Aust stocks bounce back from BoJ losses

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The local share market has bounced back from Tuesday’s sharp losses this morning after Wall Street showed resiliency overnight following the Bank of Japan’s surprise move on bond yields.

At noon AEDT on Wednesday, the benchmark S&P/ASX200 index was up 112.6 points, or 1.6 per cent, to 7136.9, after losing 109.6 points on Tuesday.

The broader All Ordinaries was up 114.7 points, or 1.59 per cent, to 7315.6.

While global bond yields jumped after Japan’s dovish central bank eased its attempt to keep its yields at near zero, the S&P500 closed 0.1 per cent higher after a five-day selloff.

CMC Markets Auckland-based analyst Tina Teng wrote in a note that the resiliency showed that equities may have been oversold.

“The price action could suggest that the US stocks could be still on track for a Christmas Rally,” she said.

“But risks remain as the BOJ-induced selloff in the global bonds may continue to send jitters to risk assets.”

For Wednesday morning, at least, things were solidly in the green on the ASX, with every sector higher.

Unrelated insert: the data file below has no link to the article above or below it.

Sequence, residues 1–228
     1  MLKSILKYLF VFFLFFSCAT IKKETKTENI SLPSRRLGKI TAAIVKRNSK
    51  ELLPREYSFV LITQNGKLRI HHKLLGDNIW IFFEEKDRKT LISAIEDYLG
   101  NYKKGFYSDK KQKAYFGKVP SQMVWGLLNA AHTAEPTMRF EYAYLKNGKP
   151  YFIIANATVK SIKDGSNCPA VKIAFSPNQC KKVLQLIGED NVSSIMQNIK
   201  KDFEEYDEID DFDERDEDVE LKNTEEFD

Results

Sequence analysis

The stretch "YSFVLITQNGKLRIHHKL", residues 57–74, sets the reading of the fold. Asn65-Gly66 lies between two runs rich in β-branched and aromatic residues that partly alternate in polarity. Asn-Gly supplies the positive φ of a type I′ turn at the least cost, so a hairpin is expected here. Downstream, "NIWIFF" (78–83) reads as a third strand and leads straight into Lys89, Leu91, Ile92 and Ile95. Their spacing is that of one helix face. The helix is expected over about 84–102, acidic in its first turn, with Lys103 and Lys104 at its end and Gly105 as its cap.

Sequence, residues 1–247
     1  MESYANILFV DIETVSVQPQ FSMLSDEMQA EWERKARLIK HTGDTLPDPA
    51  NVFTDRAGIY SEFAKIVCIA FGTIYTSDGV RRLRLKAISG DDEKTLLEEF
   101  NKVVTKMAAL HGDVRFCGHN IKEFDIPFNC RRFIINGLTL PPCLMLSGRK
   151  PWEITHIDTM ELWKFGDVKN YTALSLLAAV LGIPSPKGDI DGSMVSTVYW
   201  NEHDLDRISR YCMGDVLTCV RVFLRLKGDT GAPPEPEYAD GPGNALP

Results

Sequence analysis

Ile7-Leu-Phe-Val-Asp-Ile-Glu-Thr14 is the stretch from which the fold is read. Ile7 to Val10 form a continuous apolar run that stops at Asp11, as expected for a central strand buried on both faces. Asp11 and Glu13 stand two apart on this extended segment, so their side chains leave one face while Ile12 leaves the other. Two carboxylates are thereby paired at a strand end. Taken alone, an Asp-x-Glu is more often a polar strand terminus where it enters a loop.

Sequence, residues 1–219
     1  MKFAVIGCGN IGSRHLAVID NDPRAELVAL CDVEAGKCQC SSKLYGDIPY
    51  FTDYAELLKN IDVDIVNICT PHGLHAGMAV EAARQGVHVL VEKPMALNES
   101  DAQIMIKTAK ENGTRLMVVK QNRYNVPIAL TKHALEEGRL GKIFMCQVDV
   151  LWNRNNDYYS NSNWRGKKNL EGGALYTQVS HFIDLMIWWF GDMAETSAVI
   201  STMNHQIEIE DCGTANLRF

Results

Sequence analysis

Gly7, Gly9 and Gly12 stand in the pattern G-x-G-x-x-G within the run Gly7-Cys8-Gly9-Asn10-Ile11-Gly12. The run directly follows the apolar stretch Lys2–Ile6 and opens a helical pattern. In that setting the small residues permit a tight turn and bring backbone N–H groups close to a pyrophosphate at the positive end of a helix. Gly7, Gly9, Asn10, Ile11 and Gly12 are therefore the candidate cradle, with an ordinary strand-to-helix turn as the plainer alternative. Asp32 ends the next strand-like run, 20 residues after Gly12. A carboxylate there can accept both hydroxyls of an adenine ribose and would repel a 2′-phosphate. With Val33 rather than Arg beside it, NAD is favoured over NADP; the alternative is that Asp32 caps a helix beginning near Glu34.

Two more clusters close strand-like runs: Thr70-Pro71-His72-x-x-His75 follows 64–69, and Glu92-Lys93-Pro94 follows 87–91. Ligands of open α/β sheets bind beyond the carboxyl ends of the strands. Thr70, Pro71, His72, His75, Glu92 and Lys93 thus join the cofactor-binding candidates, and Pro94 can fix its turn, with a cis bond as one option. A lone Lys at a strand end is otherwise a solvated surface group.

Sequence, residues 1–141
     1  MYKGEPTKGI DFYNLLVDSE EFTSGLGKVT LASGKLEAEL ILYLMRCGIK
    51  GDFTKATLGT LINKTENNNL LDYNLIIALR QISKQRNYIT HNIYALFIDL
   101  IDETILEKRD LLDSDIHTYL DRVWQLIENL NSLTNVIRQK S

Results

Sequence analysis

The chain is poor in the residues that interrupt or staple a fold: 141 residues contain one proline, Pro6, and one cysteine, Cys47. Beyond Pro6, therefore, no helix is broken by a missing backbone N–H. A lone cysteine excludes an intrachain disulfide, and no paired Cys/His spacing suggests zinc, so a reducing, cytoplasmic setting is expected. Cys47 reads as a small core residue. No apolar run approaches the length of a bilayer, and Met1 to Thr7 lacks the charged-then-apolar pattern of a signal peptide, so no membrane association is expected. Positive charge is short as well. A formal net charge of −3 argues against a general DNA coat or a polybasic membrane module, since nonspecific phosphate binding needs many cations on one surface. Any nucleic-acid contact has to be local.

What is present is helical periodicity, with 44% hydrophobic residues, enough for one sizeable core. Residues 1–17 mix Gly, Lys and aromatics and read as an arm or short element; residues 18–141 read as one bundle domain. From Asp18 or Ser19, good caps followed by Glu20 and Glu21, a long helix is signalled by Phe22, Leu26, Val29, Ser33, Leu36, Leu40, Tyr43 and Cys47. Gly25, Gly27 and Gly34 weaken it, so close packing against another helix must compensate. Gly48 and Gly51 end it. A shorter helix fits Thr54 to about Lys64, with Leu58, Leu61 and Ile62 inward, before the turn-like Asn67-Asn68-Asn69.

Utilities were the biggest winner, climbing 6.2 per cent to $7.52 as Origin Energy confirmed that Brookfield Asset Management was on track to finish due diligence on its $9-per-share takeover offer in mid-January, and had not identified any material adverse matters to date.

The heavyweight mining sector was up 2.3 per cent, with BHP climbing 2.2 per cent, Rio Tinto up 2.1 per cent and Fortescue Metals adding 2.8 per cent.

Goldminers were up strongly as the yellow metal surged to $US1,818 an ounce, close to a six-month high, as the US dollar weakened on the Bank of Japan move.

Newcrest had gained 6.2 per cent, Northern Star had added 3.8 per cent and Evolution gained 7.0 per cent to $3.04, its best level since June.

The big banks were all up, with ANZ adding 1.2 per cent, Westpac climbing 1.0 per cent, NAB up by 0.6 per cent and CBA gaining 0.2 per cent.

MoneyMe had surged 25.5 per cent to 29.5c after the personal lender restructured its debt covenant agreements with its lender, Pacific Equity Partners.

TPG Telecom had dropped 2.3 per cent to a two-month low of $4.66 after the Australian Competition and Consumer Commission rejected its proposed network sharing agreement with Telstra, a decision both TPG and Telstra said they would appeal. Telstra was flat at $4.04.

The Australian dollar meanwhile had recovered slightly against the greenback. It was buying 66.84 US cents, from 66.55 US cents at Tuesday’s ASX close.

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